After acquiring a British civil registration, G-GUSTV, the aircraft was flown to the Imperial War Museum, Duxford, and cleared to undertake display flying. Unfortunately, there then followed a number of technical ‘snags’, which occurred after its first display at the Duxford Air Show, in September, 1991.

A period of display flying now followed, which was extended until 1997, with the intention being that the aircraft would be retired at the end of that season, and take its place on permanent display at the RAF Museum, Hendon. Unfortunately, the Gustav crash landed following its very last display flight, due to an oil leak and partial engine failure (white vapour was seen streaming from the aircraft and was reported by radio to the pilot). It nosed over onto its back in a field, and trapped the pilot, Air Marshal Sir John Allison, RAF (the Patron of The People’s Mosquito organization) in the cockpit. Despite fuel leaking around him, Sir John asked for a crane to brought so the aircraft could be lifted, rather than have the fire crew who had reached the scene cut into the aircraft structure. He was eventually released, without injury.

Following the accident, a decision was made to restore the airframe ready for static exhibition, and this was managed by the Imperial War Museum, Duxford. Finally, in March, 2002, the much-travelled Bf 109G-2 arrived at the RAF Museum, Hendon, where it was reassembled and placed on display in the Bomber Hall. In January, 2003, it was selected as one of the exhibits to be put on display in the ‘Milestones of Flight’, at Hendon, which is where I took the photograph you can see above. After nearly 9 years in this position, it has been now been moved back to the Bomber Hall.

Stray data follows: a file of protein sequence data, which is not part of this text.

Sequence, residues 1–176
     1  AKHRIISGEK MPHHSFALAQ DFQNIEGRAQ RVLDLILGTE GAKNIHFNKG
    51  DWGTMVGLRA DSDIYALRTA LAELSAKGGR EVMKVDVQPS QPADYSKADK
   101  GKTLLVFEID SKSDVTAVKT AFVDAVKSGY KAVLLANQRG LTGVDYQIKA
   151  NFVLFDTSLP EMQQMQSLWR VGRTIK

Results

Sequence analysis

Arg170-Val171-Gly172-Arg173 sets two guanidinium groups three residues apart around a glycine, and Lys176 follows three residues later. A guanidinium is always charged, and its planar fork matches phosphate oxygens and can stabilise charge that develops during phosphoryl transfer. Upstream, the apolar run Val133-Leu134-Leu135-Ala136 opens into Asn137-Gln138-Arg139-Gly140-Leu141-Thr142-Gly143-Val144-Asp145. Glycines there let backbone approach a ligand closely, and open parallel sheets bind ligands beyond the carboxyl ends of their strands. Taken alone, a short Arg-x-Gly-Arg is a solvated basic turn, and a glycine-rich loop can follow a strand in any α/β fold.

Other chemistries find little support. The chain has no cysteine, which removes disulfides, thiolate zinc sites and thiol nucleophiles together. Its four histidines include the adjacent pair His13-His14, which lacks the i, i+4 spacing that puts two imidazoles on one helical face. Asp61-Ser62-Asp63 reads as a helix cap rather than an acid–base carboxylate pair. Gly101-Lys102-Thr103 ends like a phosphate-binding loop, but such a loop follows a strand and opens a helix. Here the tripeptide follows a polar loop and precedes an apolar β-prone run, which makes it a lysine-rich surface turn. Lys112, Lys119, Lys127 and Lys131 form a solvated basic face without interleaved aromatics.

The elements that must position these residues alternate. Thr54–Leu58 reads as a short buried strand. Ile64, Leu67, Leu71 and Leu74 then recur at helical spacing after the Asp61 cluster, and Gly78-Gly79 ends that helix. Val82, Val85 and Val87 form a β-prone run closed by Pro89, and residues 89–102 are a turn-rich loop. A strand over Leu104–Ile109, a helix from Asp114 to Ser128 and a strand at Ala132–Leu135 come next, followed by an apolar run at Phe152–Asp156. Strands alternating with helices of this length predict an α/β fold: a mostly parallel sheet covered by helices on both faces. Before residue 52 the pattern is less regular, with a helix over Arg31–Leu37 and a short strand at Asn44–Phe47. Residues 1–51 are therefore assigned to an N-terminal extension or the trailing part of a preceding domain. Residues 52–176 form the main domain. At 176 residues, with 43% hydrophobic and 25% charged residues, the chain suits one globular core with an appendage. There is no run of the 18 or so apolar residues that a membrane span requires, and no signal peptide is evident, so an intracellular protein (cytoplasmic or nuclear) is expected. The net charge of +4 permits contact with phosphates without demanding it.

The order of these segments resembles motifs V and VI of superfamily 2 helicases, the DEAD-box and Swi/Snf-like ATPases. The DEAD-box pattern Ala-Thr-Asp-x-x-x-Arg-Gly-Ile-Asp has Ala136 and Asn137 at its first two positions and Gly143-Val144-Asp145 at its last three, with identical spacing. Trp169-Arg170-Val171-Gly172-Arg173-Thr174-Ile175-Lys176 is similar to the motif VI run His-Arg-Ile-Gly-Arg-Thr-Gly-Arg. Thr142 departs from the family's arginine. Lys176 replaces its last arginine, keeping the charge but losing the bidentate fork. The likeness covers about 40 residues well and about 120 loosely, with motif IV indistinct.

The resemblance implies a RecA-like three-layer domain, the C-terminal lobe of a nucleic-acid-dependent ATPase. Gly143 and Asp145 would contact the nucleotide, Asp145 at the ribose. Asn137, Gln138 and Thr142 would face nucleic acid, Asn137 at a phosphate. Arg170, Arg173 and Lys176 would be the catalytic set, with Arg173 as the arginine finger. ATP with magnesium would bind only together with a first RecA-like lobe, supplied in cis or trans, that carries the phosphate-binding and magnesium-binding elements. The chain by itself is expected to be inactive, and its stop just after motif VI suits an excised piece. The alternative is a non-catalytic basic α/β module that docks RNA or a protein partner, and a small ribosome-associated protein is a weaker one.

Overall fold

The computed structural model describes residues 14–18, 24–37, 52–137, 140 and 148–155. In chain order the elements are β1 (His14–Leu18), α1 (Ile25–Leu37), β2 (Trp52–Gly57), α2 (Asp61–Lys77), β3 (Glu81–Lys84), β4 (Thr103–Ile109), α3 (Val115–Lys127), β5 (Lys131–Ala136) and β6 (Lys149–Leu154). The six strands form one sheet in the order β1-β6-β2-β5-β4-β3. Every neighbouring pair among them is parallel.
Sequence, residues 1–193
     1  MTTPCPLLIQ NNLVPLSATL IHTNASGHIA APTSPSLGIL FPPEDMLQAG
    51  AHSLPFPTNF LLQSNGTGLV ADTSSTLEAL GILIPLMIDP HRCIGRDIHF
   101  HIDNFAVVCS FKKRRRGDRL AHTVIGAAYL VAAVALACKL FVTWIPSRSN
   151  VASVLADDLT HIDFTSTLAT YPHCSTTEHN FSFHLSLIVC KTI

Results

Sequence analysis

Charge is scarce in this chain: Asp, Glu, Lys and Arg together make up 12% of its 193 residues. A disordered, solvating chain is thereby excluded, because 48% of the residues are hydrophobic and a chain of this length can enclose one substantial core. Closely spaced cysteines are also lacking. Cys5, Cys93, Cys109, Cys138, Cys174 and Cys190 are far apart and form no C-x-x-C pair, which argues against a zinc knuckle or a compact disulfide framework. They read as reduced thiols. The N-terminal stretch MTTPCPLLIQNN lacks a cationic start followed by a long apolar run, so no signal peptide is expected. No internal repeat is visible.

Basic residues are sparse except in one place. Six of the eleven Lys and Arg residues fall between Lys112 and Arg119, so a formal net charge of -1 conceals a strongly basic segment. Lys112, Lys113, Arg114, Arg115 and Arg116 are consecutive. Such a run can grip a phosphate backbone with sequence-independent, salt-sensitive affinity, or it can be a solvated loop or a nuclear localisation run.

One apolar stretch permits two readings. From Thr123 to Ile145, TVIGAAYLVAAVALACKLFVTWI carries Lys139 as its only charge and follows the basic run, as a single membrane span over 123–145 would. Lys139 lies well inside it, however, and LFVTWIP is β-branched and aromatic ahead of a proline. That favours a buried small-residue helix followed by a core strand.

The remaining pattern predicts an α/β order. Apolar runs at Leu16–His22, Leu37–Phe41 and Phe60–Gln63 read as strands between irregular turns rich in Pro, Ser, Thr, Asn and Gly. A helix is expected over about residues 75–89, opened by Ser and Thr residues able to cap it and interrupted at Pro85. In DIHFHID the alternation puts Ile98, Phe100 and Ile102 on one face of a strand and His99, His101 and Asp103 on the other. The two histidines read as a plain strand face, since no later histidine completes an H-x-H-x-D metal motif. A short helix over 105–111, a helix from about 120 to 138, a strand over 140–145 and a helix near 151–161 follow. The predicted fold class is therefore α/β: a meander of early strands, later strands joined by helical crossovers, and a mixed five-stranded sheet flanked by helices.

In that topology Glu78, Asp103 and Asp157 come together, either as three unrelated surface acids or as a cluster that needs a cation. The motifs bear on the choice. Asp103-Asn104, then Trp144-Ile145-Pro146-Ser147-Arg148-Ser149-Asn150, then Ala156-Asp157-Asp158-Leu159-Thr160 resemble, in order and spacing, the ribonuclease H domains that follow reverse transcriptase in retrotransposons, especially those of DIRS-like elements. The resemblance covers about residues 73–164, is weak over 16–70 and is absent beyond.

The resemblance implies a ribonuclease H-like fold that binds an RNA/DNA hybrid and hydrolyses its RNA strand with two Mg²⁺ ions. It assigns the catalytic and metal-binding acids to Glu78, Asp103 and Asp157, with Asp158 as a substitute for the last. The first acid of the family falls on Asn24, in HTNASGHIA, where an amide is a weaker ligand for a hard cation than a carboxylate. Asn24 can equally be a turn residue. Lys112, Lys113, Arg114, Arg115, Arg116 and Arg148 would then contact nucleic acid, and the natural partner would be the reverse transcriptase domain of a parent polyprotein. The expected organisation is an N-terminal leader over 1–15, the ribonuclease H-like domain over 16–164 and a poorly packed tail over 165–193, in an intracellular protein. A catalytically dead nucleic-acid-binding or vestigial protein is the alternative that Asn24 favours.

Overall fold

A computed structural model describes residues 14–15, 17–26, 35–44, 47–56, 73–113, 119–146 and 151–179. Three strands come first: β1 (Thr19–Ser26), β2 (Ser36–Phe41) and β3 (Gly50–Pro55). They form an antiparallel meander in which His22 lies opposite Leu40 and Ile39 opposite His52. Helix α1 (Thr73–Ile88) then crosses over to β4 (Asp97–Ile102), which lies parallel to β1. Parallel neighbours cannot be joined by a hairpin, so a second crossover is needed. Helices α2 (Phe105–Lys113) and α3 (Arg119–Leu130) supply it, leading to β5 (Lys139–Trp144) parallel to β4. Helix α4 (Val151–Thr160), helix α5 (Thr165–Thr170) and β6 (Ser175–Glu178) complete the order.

The Messerschmitt Bf109G-2, a fine example of a potent WW2 fighter, and one which flew in both Allied and Axis markings!





6 comments on “A Messerschmitt too far – Bf109G-2 Trop, Royal Air Force Museum”

  1. G’day, Ross!

    I never before really considered the logistics of the 20mm cannon firing through the prop hub of the Bf 109. The “works” have got to be nestled up between the inverted “vee” of the cylinder banks and as a result, nearly inaccessible. Tough for the armourer! Of course Larry Bell had a better idea — just put the engine behind the pilot!

    I wish you a happy Thanksgiving holiday.



  2. Ross, lovely write-up and how determined was Sir John Allison! A wonderful occurrence to have remembered.


  3. Hi Frank!

    The ‘moteur-canon’ was a French idea, going back to WW1 and the French ace Georges Guynemer, who had a 37mm semi-automatic cannon fitted between the banks of the Hispano-Suiza engine on his Spad XII, ‘S382’. Various inter-war French fighters had a similar arrangement, usually involving a 20mm cannon, and it became common amongst French, German and Russian fighters during WW2.

    Wishing you and yours a splendid Thanksgiving (and also to my favorite Cessna, N631S!)


  4. Ross, a lovely condense Bf 109 history and how brave Sir John Allison was to save this one — thanks for recalling that event as well as the recap on the French “moteur-canon.”